Trump, Senate leaders to huddle on Supreme Court
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Senate leadership will huddle with President Trump at the White House on Tuesday afternoon to discuss the Supreme Court vacancy. 
 
Senate Majority Leader Mitch McConnellAddison (Mitch) Mitchell McConnellBiden: A good coach knows when to change up the team McConnell says he made 'inadvertent omission' in voting remarks amid backlash These Senate seats are up for election in 2022 MORE (R-Ky.) said he and Senate Minority Leader Charles SchumerChuck SchumerVoting rights failed in the Senate — where do we go from here? Forced deadline spurs drastic tactic in Congress Democrats call on Biden administration to ease entry to US for at-risk Afghans MORE (N.Y.) and Sens. Chuck GrassleyChuck GrassleySmall ranchers say Biden letting them get squeezed These Senate seats are up for election in 2022 Hillicon Valley — Senate panel advances major antitrust bill MORE (R-Iowa) and Dianne FeinsteinDianne Emiel FeinsteinOvernight Energy & Environment — Starting from 'scratch' on climate, spending bill Senate panel advances bill blocking tech giants from favoring own products Eight senators ask Biden to reverse course on Trump-era solar tariffs MORE (D-Calif.) — the top members on the Judiciary Committee — were invited to talk about who should fill the seat.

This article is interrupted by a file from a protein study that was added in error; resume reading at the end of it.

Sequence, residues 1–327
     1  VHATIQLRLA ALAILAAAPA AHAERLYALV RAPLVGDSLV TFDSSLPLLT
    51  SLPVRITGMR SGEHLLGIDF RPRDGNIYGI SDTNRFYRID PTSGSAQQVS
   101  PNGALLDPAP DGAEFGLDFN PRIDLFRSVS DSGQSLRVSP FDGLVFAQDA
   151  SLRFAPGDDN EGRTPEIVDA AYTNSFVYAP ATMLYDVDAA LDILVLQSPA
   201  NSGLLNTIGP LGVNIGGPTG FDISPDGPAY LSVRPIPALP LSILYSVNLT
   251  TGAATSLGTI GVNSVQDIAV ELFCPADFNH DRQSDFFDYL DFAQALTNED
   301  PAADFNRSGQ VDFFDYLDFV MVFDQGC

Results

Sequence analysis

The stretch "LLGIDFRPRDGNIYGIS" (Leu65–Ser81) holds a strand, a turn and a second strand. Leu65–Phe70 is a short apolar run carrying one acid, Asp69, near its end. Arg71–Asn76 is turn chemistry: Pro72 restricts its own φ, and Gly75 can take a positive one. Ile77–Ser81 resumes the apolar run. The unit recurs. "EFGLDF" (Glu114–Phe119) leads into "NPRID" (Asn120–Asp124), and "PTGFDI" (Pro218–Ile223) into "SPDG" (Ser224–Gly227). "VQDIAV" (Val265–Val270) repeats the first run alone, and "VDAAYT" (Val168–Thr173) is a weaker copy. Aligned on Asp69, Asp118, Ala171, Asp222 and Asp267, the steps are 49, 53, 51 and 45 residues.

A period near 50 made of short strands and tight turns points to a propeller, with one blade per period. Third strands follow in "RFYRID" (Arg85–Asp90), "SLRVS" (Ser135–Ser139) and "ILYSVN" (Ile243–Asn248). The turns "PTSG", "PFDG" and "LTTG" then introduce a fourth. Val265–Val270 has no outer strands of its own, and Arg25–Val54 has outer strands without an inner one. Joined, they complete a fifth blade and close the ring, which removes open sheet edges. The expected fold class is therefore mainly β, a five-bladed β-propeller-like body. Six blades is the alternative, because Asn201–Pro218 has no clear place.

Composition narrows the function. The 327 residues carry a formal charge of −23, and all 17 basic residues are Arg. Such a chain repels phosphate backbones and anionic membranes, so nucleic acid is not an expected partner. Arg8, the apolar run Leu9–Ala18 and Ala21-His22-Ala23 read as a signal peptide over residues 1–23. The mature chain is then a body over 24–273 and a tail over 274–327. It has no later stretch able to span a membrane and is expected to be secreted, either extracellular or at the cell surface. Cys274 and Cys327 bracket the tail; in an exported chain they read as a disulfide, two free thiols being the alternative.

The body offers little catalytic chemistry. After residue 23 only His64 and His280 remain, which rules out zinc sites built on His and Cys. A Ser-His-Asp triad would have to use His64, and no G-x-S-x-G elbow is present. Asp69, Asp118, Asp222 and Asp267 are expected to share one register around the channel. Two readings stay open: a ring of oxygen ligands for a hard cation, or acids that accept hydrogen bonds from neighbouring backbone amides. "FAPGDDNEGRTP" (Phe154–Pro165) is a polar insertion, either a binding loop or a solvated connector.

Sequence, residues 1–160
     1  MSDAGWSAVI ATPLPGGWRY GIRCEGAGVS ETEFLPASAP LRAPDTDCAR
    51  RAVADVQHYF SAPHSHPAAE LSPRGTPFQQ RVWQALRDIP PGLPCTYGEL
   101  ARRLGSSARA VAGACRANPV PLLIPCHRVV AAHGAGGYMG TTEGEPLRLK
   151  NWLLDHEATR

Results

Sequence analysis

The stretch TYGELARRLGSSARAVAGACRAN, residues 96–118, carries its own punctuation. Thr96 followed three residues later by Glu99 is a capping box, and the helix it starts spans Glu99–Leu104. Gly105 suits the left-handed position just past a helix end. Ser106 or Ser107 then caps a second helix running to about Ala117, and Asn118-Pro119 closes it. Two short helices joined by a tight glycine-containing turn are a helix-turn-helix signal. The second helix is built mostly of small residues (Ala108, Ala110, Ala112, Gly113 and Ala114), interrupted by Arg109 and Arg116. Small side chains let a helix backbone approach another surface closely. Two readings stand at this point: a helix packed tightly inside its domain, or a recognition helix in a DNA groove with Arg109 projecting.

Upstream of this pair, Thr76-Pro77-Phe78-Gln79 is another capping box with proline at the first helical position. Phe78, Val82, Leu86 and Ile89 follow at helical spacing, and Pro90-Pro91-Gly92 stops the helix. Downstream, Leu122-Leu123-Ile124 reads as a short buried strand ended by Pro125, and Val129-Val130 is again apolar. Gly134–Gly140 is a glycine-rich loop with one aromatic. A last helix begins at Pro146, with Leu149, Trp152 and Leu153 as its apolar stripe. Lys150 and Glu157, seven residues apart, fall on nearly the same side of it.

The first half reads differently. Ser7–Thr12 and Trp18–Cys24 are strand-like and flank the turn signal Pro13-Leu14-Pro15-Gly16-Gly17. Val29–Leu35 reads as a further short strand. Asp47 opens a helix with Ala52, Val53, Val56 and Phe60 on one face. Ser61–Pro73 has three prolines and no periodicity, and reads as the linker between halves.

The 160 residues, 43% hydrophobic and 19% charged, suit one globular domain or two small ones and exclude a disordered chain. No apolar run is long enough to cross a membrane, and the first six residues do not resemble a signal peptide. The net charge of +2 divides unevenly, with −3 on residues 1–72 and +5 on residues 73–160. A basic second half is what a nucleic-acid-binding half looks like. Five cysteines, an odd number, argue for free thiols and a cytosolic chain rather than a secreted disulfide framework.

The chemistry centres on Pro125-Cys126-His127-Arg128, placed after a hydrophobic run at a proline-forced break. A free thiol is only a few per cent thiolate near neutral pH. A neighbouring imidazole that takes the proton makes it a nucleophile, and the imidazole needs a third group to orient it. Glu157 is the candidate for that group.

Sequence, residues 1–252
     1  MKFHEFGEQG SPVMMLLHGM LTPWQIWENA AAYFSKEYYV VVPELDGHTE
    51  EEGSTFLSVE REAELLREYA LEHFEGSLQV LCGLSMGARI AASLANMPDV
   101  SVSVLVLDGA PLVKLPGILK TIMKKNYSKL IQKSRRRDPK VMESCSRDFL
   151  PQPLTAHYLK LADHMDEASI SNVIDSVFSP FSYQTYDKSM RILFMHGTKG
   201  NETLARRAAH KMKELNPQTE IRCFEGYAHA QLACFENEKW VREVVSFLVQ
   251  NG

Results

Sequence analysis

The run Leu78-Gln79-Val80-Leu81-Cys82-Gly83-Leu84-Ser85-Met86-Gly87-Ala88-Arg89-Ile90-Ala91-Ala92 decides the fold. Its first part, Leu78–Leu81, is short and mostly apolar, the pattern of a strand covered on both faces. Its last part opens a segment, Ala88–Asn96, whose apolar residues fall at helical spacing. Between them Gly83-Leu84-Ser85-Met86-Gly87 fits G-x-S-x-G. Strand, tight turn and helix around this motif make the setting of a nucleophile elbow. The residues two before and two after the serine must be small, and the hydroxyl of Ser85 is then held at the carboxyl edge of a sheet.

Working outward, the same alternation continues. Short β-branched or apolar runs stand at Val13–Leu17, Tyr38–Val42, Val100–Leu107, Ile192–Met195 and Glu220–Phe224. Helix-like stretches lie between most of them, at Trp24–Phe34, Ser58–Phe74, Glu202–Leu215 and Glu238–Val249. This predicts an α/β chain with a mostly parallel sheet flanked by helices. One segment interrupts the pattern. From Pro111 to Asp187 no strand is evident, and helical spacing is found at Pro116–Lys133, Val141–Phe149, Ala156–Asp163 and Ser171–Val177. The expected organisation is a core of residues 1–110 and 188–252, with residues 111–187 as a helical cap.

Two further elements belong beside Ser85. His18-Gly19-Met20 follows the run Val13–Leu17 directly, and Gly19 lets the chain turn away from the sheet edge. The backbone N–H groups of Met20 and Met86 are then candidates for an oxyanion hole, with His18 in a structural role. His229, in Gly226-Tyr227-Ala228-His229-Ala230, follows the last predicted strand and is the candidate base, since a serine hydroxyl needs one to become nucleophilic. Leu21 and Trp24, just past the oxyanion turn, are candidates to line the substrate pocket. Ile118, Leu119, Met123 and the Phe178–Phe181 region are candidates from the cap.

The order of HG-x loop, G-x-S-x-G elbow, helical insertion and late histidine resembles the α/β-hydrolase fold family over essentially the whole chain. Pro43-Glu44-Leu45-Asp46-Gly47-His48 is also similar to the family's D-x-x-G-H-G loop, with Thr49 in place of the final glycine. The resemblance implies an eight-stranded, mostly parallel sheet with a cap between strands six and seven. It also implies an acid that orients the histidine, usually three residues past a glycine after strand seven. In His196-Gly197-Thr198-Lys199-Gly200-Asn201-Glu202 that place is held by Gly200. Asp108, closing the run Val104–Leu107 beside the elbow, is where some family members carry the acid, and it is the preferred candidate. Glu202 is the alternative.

“The president has invited the Democratic leader, the chairman and ranking member of the Judiciary Committee, and myself to the White House this afternoon to meet with him regarding the Supreme Court vacancy as part of his ongoing consultations with members of the Senate," McConnell said from the Senate floor. 

"I appreciate the president soliciting our advice on this important matter,” he added.

The White House confirmed the meeting, which is scheduled to take place in the Roosevelt Room.

The announcement comes after White House press secretary Sean Spicer told reporters on Monday that he expects an update on a Supreme Court nominee "in the next week or so."  

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Trump outlined a list of 21 potential picks during the campaign and has reportedly been narrowing down possible selections. His nominee will need 60 votes — including at least 8 Democrats — to be approved by the Senate. 

Schumer has come under GOP fire for indicating that he would be willing to leave the Supreme Court seat open if Trump doesn't appoint a "mainstream" nominee. 

“If the nominee is not bipartisan and mainstream, we absolutely will keep the seat open,” Schumer told CNN’s “State of the Union.”

He added that Democrats are prepared to fight "tooth and nail" on the looming Supreme Court battle. 
 
The Supreme Court seat has been vacant since February 2016, when Justice Antonin Scalia died. Republicans refused to give Merrick Garland, Obama's nominee, a hearing or a vote. They argued that the vacancy shouldn't be filled during an election year.
 
—Jordan Fabian contributed to this report, which was updated at 11:10 a.m.